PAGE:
In our last post, we looked at the cracked travel trailer frame I discovered while working on the A-frame of my RV. The reason I was getting up close and personal with my trailer’s frame was that I was designing a system to help carry the load of a heavier generator behind my LP bottles.
For years I have carried a 1,000-watt generator primarily to keep my house batteries charged. With the advent of the Easy Start and a planned summer trip to a hotter climate, I am in the process of upgrading from the 1,000-watt Honda generator to a 2,200 to power the RV’s air conditioner.
I carry my generator on a small platform table that spans the two batteries on the front of the trailer, with the weight of the generator being held by the battery rack. Since a weld on the battery rack previously failed while carrying the 1,000-watt generator, I was designing some additional support for the battery rack, as having the rack fail in transit and dropping my new generator on the freeway going 60 MPH down the road is not an adventure in RVing I am anxious to experience.
While I could reinforce the existing battery rack/welds, my overhead welding skills lack perfection, and as I have pointed out in an earlier entry, making permanent modifications to an RV can detract from the resale value.
The following is a short recap on the system I designed to carry the extra weight of the larger generator without welding or drilling on the RV’s frame. Others that want to carry a generator or add a third battery might find this useful.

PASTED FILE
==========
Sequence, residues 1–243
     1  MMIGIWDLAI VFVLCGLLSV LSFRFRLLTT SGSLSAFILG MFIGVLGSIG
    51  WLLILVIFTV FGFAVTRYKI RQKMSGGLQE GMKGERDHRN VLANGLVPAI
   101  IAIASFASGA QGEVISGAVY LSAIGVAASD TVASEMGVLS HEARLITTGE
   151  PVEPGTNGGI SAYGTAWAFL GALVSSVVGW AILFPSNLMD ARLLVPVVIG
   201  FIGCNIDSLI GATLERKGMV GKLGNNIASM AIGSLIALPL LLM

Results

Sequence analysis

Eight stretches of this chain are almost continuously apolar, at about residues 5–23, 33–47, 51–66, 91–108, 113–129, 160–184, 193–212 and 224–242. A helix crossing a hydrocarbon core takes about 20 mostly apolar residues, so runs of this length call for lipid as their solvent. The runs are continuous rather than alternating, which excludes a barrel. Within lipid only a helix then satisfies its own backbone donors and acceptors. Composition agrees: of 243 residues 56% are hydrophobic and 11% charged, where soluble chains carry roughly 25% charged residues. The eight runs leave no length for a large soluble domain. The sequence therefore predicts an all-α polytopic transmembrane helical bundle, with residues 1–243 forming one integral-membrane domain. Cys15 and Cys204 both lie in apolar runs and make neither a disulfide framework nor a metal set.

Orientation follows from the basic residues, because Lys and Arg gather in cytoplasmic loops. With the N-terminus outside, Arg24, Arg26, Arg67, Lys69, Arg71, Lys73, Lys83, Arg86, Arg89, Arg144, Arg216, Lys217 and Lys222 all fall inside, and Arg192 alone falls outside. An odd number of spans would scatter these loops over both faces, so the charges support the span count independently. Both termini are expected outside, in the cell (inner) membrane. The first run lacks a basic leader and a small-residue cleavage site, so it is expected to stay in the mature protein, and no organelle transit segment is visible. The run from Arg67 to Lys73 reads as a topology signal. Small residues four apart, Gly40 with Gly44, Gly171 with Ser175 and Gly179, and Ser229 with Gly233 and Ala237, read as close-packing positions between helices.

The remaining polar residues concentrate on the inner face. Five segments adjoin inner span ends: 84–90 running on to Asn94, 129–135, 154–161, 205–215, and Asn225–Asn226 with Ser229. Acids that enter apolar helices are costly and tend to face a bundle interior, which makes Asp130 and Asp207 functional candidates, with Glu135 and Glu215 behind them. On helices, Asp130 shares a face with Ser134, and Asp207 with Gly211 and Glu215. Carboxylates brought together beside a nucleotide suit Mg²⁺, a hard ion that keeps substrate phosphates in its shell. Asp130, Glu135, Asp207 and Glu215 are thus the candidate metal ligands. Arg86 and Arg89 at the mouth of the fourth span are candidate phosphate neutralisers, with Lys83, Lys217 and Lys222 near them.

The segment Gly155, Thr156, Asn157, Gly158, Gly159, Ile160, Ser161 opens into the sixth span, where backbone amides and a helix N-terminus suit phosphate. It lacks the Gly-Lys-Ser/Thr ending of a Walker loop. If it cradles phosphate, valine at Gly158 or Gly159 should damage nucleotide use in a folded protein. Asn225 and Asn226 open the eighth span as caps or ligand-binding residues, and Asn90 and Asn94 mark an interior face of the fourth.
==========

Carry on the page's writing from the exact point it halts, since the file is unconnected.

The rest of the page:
First, I cut two lengths of steel to span the top of the A-frame to carry the weight. (These can be angle or tube. I chose tube as I have a bunch laying around.) I will call these “crossbars.” I cut the ends at an angle to match the trailer’s A-frame.
Second, I needed a way to keep these in place without drilling or welding. I welded down turned ears on the ends of the crossbars to keep them from moving side to side or sliding back.
One crossbar I mounted immediately behind the LP rack and the other behind the battery boxes. Since the A-frame is tapered, the crossbars with the ears mounted on them cannot slide back on the A-frame, and forward motion is blocked by the LP rack and battery boxes.
I then cut/drilled two identical lengths of steel to run under the battery rack (front to rear—90° to the crossbars above) to provide the added support to carry the new generator. I will call these “supports.”
Next, I drilled holes in the crossbars that would accept the bolts from the supports below.
Finally, just bolt the supports to the crossbars and tighten to sandwich the whole thing in place. I created the bolts by brazing nuts on 8” lengths of all thread. I used Loctite threadlocker and lock washers to make sure nothing comes loose.
This new reinforcement system can easily carry the extra weight of my new generator, while also providing extra strength to the existing battery rack, too.
Driving down the road without having to worry about losing my batteries and generator—just another adventure in RVing!